Distance hiked: 7km
Location: Lake Laurentian Conservation Area, Ontario
Date: November 19, 2020
Located within the city of Sudbury, Lake Laurentian Conservation Area contains 13 trails that range in length from 625m to 10km that can be used for hiking, biking, snowshoeing and cross-country skiing. There is also a boat launch for canoes and kayaks.
We booked a heated cabin in Killarney Provincial Park for the next three nights and on the drive, we stopped in Sudbury to go for a hike at the Lake Laurentian Conservation Area. We arrived at the conservation area just before 1p.m and parked at the main parking area (P1). The weather was pleasant, the sun was shining and we were eager to stretch our legs.
We first hiked along the Point Trail (4.2km). The path is clearly marked with yellow markers. The first stretch involves a steep climb up to a rocky overcrop. Within the first few hundred metres the path leads to a viewing platform, which provides a panoramic view of the eastern part of Lake Laurentian.
The trail continues along the ridge, providing more fabulous views of the lake. We were lucky that we had such lovely weather (8°C) and blue skies. The terrain was a bit challenging though, but that could be because we’re no longer in the best of shape as we haven’t been doing as much hiking or just walking in general compared to the summer. Either way, there were lots of rocky outcrops to walk up, down and around.
The trail then descends through the forest and branches off into Loop 1 and Loop 2.
We first hiked along Loop 1, which weaves through an open meadow along the southern shore of the lake. Afterwards we completed Loop 2, which follows along the western part of the shore. We were surprised to see some ice on this part of the lake, but then again, it was mid-November. The beavers were also active on this part of the lake and bit down many of the birch trees near the shoreline.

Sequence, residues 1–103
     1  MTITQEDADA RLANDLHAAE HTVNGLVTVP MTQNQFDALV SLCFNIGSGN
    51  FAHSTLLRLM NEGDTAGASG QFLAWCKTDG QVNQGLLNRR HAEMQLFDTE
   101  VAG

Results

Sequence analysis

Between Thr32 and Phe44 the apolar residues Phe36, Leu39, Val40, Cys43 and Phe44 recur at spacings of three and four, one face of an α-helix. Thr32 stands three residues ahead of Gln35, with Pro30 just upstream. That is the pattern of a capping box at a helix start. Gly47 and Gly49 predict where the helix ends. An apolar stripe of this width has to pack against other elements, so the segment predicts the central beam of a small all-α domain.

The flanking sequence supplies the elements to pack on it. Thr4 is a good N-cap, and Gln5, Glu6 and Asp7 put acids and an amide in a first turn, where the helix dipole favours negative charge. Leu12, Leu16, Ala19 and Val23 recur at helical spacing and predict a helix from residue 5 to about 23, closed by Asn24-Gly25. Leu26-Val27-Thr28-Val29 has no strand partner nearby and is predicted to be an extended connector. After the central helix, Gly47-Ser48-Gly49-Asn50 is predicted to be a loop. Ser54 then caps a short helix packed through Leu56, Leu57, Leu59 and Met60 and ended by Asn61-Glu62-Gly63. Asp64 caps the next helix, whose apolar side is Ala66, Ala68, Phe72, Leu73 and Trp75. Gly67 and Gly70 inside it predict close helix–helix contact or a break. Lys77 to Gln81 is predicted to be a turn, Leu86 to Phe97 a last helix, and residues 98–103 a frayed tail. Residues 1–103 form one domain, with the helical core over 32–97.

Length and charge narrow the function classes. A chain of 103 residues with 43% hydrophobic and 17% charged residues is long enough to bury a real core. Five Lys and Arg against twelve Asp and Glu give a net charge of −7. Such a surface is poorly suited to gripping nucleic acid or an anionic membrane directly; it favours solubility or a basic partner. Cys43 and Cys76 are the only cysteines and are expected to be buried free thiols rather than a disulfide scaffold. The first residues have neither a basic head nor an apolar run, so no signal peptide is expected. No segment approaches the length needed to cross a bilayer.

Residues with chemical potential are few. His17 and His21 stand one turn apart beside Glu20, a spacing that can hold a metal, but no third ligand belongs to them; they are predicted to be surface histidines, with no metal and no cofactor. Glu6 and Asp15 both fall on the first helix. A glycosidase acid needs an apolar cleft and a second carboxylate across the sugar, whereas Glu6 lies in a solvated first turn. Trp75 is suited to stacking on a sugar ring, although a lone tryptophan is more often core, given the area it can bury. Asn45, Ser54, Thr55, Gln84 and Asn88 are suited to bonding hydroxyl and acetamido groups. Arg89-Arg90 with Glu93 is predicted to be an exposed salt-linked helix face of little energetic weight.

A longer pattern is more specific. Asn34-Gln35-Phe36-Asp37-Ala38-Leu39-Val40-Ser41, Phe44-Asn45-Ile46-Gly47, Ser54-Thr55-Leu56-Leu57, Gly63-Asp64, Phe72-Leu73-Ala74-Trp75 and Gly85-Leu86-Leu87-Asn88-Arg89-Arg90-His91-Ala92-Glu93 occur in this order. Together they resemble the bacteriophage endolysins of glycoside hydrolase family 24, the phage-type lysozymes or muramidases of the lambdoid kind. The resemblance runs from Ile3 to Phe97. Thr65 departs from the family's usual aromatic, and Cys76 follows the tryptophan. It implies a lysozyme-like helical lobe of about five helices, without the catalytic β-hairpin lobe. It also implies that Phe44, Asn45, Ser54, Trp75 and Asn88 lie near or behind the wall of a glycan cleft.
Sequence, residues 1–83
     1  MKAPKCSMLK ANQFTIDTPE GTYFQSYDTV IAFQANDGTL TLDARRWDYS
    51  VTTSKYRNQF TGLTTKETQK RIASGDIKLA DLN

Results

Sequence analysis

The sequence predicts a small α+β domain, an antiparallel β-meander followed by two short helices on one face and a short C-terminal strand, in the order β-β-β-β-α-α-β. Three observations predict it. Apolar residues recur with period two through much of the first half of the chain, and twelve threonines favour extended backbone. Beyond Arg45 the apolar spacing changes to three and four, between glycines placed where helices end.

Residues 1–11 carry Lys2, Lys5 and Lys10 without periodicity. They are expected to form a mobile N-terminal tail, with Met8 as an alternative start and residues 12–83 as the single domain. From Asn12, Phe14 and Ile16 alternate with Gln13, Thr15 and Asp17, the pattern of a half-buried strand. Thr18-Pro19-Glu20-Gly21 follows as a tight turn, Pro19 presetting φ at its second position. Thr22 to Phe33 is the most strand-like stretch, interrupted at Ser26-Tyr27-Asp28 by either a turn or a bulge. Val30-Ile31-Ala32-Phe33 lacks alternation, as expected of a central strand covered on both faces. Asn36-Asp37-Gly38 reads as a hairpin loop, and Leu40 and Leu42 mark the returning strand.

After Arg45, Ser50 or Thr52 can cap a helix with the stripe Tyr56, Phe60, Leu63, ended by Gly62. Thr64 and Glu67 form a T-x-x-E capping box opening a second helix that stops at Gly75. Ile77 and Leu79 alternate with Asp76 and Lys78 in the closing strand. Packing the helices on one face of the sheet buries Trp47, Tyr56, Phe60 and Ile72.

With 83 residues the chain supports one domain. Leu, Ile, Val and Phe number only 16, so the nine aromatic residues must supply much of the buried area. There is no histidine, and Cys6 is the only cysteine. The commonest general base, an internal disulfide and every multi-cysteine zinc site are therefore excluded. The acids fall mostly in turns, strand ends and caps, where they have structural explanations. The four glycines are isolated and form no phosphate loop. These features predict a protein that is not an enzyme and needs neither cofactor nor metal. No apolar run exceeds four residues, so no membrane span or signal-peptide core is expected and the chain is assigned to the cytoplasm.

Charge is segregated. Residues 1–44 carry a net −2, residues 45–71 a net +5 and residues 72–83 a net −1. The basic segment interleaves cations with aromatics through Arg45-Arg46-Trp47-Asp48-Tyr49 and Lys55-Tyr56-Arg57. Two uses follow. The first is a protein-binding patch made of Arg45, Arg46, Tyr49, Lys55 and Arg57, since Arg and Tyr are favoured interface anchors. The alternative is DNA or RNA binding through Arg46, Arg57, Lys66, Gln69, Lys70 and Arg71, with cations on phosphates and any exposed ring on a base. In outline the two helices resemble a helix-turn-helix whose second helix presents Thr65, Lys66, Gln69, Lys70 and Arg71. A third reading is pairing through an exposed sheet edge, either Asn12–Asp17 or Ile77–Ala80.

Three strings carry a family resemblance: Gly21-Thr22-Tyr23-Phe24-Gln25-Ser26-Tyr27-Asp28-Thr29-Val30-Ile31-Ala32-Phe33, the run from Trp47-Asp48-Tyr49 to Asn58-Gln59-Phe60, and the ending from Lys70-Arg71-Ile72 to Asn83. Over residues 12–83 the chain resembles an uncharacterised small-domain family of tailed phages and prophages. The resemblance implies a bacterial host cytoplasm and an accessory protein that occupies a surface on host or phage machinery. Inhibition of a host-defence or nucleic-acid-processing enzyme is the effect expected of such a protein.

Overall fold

On the return trip back to the parking lot, we followed the red markers for the Lake Laurentian Trail for a change of scenery. And it’s also shorter.
When we returned to our car we drove to the second parking area (P2) to hike along the Beaver Pond Loop (3km). In the winter this trail is open for snowshoeing, so it seemed like this would be a safe bet after hiking the Point Trail. And the start of the path seemed promising as it follows along a floating boardwalk over a wetland.
But then the path leads through the forest and things went downhill real fast. The path was really a swampy muddy mess. And we were wearing running shoes. Not great. The one benefit of hiking in the fall is that there are no leaves on the trees, so we could easily walk through the forest beside the path to avoid the brunt of the muddy puddles.
When we came across the junction where the Beaver Pond Loop meets up with the Moonlight Beach Trail, we followed the Moonlight Beach Trail instead as it was gravel and not flooded. We missed out on the scenic lookout of the Beaver Pond Loop, but we had no regrets.
We finished up hiking just before 3p.m. We then drove to pick up groceries before heading over to Killarney for the next three nights.
My progress on the 52 Hike Challenge can be found here